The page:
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Linux Wacom Project HOWTO

3.5 - Installing wacom.(k)o

To install or not to install, that is the question. Since the driver is in memory, you can pretty much use it this way throughout the rest of this document. Anywhere you see "modprobe wacom", you'll instead need to "insmod ./wacom.ko". You'll also need to be careful that you are in the package's src directory. If you instead use the less-specific command "insmod wacom.ko" from a directory other than the package's src directory, insmod will load the driver from the kernel modules directory instead. The result is that you'll be using the wrong driver.

Why would you not install the driver? Well, for one, you may be building a driver against a wrong kernel source, and if the system crashes (you get an Oops or things come unglued in other ways), it would be nice to reboot and have the original drivers load instead.

When should I install the driver? When you're comfortable that the driver will not crash your system. If you really know what you're doing, just load the drivers manually like in the previous section Testing If wacom.(k)o Will Load.

On some distributions, Mandriva (a.k.a Mandrake) included, the wacom.ko driver that appears in the kernel modules directory appears to be compressed. If you cannot find wacom.ko using the method below, try locating wacom.ko.gz instead. People who encountered this problem were able to run gzip on the module and copy that instead.

Installing the driver requires knowing where it belongs. A little research will help here. By using the locate command, you can find all copies of the original driver on the computer.

jej@ayukawa wacom]$ locate wacom.ko

[jej@ayukawa wacom]$ uname -r
On this computer, there are two kernels installed. uname identifies the currently active kernel as 2.6.17-1.2157_FC5. The correct driver to replace is therefore at /lib/modules/2.6.17-1.2157_FC5/kernel/drivers/usb/input/wacom.ko. You will need to be root to replace this file, and it is a very good idea to make a backup copy.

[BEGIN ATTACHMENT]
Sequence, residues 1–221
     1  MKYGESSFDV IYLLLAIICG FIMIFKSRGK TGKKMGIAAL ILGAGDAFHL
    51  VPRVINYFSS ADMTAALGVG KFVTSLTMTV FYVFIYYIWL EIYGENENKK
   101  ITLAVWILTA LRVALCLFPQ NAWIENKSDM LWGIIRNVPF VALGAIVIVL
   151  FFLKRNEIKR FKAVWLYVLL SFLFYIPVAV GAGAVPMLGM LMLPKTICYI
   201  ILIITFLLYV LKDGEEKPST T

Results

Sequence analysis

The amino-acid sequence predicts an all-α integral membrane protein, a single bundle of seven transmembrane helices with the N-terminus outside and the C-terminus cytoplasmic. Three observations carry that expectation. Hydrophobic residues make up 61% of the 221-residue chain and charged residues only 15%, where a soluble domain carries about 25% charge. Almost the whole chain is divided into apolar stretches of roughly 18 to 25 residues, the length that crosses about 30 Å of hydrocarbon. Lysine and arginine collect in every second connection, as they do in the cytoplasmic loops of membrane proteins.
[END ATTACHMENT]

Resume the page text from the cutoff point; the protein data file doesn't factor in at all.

[jej@ayukawa wacom]$ su
[jej@ayukawa root]# cd /lib/modules/2.6.17-1.2157_FC5/kernel/drivers/usb/input
[jej@ayukawa usb]# cp wacom.ko /home/jej/linuxwacom/src/2.6.16/wacom_old.ko
[jej@ayukawa usb]# cp /home/jej/linuxwacom/src/2.6.16/wacom.ko wacom.ko
Here, I've saved the original to wacom_old.ko and copied my new driver over it. You should substitute directory names as appropriate.

NOTE: Don't leave the backup copy in the same directory as the original. depmod will treat both as valid drivers, regardless of their names. Copy the original somewhere outside of the kernel module directory to ensure that this does not happen. In at least one case, the backup driver was loaded instead of the new one due to a curious dependency issue.

Finally, it is always a good thing to update the module dependencies. This is where you find out if the module was compiled without kernel module versioning. The following command, even if it generates errors is relatively benign. If it fails, then there is no harm done. It just means that you will have to load modules in the correct order since the system will not be able to guess for you.

[jej@ayukawa usb]# depmod -e

If you get no errors and no output, everything is fine, and the module was compiled, linked, and installed properly. If you received unresolved symbols like usb_set_idle or printk, then you need to reconfigure with module versioning enabled and recompile.

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